HPV is a common group of viruses which can sometimes lead to cancer

The NHS is urging both parents and young people between the ages of 12 and 13 years to take up having the human papillomavirus (HPV) vaccine to meet the NHS cervical cancer elimination goal.

New figures from the UK Health Security Agency have shown that around one in six girls and one in five boys are not fully vaccinated by year 10.

HPV is a very common group of over 100 viruses which affect the skin, sometimes causing genital warts or cancer.

The HPV vaccine works to protect against a variety of cancers, including cervical, head and neck, anal and genital cancers.

It is currently offered to all 12- to 13-year-olds within schools and community clinics and requires parental consent to receive the vaccine from NHS nurses.

New statistics from the UK Health Security Agency has shown that between the academic year of 2022 to 2023, the uptake of the HPV vaccine for girls and boys in year 8 slightly
increased in comparison to 2021 to 2022, and has dropped in years 9 and 10.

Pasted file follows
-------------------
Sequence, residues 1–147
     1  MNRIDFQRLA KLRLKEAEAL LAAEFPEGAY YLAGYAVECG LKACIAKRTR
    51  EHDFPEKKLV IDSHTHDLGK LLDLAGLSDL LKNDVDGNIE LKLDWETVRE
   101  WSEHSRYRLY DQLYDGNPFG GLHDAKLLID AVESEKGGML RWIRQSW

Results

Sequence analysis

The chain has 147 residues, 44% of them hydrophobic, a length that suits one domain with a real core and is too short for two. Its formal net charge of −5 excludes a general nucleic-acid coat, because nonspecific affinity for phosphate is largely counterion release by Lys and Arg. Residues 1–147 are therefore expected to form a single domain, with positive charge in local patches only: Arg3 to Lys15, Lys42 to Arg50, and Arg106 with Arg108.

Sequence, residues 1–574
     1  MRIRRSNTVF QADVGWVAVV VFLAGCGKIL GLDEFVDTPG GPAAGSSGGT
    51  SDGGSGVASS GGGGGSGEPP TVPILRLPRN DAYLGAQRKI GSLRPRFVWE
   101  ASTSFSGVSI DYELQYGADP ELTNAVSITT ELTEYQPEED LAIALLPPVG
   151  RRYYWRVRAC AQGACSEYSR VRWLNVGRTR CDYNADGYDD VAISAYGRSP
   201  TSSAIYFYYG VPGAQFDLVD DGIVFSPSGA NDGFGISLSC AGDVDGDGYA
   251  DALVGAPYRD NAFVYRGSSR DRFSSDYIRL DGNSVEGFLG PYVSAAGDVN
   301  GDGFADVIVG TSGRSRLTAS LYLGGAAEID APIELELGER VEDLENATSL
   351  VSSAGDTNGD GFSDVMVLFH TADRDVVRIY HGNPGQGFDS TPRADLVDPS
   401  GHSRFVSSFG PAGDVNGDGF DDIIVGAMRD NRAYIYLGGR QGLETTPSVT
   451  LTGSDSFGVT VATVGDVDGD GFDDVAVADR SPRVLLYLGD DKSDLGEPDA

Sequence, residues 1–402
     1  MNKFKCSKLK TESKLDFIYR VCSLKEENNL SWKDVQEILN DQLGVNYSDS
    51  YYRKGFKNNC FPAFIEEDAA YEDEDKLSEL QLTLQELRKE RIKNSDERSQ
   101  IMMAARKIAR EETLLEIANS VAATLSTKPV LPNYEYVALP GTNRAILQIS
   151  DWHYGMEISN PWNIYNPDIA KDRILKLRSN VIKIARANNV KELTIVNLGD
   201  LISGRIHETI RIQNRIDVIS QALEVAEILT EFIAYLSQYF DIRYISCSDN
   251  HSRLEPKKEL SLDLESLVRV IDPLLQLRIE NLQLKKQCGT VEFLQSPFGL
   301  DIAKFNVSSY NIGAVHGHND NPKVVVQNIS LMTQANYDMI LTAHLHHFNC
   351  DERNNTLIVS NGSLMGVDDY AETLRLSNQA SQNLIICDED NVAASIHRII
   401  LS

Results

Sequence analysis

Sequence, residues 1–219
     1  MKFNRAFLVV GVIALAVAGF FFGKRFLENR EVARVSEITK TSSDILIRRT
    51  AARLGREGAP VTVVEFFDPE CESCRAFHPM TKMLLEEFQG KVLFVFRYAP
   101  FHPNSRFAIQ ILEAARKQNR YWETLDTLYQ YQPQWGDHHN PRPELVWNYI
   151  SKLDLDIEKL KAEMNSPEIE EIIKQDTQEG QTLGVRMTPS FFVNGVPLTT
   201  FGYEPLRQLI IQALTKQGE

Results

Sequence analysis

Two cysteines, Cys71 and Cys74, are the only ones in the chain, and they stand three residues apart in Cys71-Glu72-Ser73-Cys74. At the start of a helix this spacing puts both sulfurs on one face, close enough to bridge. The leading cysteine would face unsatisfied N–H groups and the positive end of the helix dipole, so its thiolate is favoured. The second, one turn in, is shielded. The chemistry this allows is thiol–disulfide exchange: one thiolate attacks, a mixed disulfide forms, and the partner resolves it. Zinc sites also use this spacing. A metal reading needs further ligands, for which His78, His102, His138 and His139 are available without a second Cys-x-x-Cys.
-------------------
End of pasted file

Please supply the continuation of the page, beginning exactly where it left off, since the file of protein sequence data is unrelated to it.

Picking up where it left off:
Steve Russell, national director for vaccinations and screening for NHS England, said: “There are over 50,000 girls and over 70,000 boys in year 10 who were unvaccinated against HPV, so we’re urging parents of young people eligible for a vaccine to consent to their children getting their HPV vaccines from nurses when they visit schools.”

The HPV vaccination programme falls in alignment with the NHS’s goal to eliminate cervical cancer by 2040, which relies on thousands of young people to get the HPV vaccination and cervical screening.

Affecting around 86.8% of women in England, cervical cancer is a cancer which is found anywhere in the cervix.

Last year, in September, the NHS updated its HPV vaccination programme from two doses to a single dose for most under 25s, making it easier for young people and parents to get protected.